Most students in introductory accounting have not had a course like accounting before. They need some direction or many will flounder. To encourage and give direction to students the at the beginning of his course in introductory accounting, Belverd E. Needles gives his “Ten Steps to ‘A’-ing Accounting.” He goes over these points on the first day of class and refers back to them during the course. He has used this approach for several years and has found that it leads to a higher success rate. Please feel free to use it in your class and let him know how it works.
With colleges and universities offering more courses online, professors may have to teach courses online for the first time. This paper serves to address the expectations of teaching a course online for the first time, and offers recommendations for new starters of online courses.
The research was based on the introductory accounting courses I taught in summer semester 2014. A survey was given to the students to address their course expectations and results. I also examined the grade distribution and withdrawal rates between the two different course delivery methods (online and on-campus).
Student participation and satisfaction in the classroom pose a challenge for accounting instructors. Some students often appear uninterested, unprepared, or confused during class, if they attend at all. Instructors must find unique ways to engage students to become active participants during class time to enhance the learning process and increase the comprehension and appreciation of accounting. Many have successfully utilized Audience Response Systems (ARS), also known as clickers. Others have effectively implemented group projects or team activities. This paper examines the combination of using clickers and teamwork in accounting courses over an entire semester.
The goal of this assignment is to require introductory accounting students to do basic financial literacy research in order to develop real world awareness of the importance of setting goals,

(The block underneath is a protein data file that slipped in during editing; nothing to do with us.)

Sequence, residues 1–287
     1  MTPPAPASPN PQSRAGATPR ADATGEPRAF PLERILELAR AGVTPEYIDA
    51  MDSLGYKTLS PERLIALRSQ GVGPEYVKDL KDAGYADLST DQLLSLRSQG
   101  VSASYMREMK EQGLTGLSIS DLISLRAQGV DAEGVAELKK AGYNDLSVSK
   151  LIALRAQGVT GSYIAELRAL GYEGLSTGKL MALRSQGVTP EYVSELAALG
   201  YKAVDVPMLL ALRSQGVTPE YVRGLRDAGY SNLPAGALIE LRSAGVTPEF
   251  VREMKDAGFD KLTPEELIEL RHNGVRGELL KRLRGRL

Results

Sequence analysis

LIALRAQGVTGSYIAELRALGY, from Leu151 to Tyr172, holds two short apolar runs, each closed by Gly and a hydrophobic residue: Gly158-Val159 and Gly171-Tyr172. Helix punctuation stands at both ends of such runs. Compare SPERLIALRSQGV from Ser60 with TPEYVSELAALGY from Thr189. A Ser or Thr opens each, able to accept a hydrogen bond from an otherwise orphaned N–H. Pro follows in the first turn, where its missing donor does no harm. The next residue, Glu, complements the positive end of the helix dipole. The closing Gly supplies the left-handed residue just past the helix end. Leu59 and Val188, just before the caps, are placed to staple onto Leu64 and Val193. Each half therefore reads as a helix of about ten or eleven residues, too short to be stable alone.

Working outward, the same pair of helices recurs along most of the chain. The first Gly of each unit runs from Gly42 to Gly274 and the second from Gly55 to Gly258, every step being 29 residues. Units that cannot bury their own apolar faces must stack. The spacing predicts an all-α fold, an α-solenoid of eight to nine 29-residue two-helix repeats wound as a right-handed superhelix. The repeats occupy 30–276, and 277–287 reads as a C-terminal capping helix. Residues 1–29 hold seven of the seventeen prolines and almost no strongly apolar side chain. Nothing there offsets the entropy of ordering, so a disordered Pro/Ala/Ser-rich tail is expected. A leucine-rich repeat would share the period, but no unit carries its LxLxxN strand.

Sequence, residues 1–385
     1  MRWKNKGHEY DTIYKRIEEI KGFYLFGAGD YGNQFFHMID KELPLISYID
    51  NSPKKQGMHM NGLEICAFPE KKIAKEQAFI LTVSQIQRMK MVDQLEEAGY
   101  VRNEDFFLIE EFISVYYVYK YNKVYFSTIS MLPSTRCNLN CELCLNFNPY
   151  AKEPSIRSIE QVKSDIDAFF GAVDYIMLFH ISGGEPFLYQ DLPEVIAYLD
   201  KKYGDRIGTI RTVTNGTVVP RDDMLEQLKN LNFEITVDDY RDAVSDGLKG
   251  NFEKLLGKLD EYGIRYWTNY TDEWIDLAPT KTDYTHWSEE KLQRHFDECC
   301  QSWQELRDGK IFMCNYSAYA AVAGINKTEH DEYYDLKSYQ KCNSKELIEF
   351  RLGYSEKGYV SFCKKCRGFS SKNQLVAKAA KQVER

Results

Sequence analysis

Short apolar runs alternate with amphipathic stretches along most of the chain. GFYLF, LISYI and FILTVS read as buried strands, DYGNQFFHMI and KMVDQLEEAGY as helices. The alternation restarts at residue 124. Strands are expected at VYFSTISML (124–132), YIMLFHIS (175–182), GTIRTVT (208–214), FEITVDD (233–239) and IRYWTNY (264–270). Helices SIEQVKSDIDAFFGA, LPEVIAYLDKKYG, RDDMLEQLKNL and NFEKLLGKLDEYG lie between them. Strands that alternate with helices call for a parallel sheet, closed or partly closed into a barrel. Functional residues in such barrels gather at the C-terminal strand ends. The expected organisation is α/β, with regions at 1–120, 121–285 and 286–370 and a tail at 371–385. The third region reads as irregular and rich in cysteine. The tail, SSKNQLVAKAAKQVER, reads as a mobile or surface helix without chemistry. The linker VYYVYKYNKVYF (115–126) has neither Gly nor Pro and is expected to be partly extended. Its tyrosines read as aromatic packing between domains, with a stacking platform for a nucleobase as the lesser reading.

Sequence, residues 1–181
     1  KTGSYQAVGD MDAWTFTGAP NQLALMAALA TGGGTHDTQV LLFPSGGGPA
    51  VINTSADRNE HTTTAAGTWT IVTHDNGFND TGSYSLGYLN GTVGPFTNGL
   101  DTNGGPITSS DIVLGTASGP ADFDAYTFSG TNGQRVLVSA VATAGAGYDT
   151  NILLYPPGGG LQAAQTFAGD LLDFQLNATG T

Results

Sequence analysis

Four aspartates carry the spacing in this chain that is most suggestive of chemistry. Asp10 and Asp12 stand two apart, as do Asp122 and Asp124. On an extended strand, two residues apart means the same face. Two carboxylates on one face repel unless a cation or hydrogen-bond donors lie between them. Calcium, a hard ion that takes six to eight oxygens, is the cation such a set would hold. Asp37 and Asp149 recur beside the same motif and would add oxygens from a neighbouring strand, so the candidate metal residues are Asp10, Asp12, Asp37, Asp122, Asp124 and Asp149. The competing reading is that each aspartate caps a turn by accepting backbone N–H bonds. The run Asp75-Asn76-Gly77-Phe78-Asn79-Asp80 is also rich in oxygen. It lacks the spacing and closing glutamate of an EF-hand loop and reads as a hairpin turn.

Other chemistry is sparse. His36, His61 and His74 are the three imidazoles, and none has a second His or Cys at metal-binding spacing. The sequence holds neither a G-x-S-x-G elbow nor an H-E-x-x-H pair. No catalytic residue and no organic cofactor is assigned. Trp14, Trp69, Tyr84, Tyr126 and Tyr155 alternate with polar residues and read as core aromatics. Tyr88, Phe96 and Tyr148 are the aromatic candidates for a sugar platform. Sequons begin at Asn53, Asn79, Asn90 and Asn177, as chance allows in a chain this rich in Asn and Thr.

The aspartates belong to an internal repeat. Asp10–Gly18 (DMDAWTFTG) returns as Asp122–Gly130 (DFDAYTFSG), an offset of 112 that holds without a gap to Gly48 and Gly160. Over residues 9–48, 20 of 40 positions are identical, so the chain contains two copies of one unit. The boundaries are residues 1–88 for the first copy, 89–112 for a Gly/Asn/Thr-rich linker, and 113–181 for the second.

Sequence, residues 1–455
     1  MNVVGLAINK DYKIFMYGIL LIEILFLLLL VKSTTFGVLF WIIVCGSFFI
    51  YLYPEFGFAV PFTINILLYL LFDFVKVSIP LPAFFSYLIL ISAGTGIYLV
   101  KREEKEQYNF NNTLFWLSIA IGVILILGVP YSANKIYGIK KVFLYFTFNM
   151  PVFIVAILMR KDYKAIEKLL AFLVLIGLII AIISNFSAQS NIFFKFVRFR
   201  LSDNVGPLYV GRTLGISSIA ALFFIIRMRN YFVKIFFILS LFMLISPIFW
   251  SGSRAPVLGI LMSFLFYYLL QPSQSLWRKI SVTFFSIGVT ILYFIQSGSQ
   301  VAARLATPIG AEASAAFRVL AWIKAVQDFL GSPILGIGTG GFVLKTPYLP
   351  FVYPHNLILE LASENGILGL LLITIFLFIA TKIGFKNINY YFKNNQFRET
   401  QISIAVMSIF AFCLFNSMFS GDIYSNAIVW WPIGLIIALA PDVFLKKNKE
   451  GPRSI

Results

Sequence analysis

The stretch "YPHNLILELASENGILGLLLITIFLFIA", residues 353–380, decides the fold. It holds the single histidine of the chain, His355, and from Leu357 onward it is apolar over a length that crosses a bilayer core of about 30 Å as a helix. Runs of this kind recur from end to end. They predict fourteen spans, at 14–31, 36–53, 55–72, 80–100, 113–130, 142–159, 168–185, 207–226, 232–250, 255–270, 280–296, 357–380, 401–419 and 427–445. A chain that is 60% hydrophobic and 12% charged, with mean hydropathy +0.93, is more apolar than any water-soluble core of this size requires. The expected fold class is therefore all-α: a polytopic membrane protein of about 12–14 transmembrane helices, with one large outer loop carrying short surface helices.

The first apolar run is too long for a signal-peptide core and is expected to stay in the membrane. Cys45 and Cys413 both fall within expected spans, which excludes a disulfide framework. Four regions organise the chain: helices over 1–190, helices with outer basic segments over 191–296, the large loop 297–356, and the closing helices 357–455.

spending habits and budgeting. This is a real-world personal budgeting assignment that students indicate they enjoy doing and find particularly insightful. Students are given an average salary for starting accountants as well as a listing of potential deductions and expenses (without amounts) that may or may not apply to them. They need to do their own research as to amounts
and which may or may not apply given their various potential living arrangements and cities chosen. Building wealth with a 401k has been emphasized also at the start of this assignment using examples, and some minimum contribution is expected in their realistic budgets.
An Excel worksheet is required with attached pages showing the source for each expense. Students are also required to evaluate what they have learned. Introductory students have expressed amazement at their result and several find it eye-opening when their bottom line is negative! It is also quite easy to grade. This assignment can be used in upper level courses but it is particularly insightful for the introductory course to build financial awareness in students.
There has been a push for innovation and enhanced learning in accounting education over the past several decades. Professional bodies such as the American Institute of Certified Public Accountants (AICPA) and the American Accounting Association (AAA) have emphasized the need for changes in accounting educational delivery to prepare the next generation of practicing accountants for the complexities of global business in the 21st century.
The Gift Card Project was developed by authors Glover and Hwang (2013) as a way to further engage students in accounting education while simultaneously equipping them with the various competencies necessary for successful careers as professional accountants. The Gift Card Project is presented as a new tool to assist accounting educators in reinforcing learning objectives and foundational concepts typically included in the first introductory accounting course.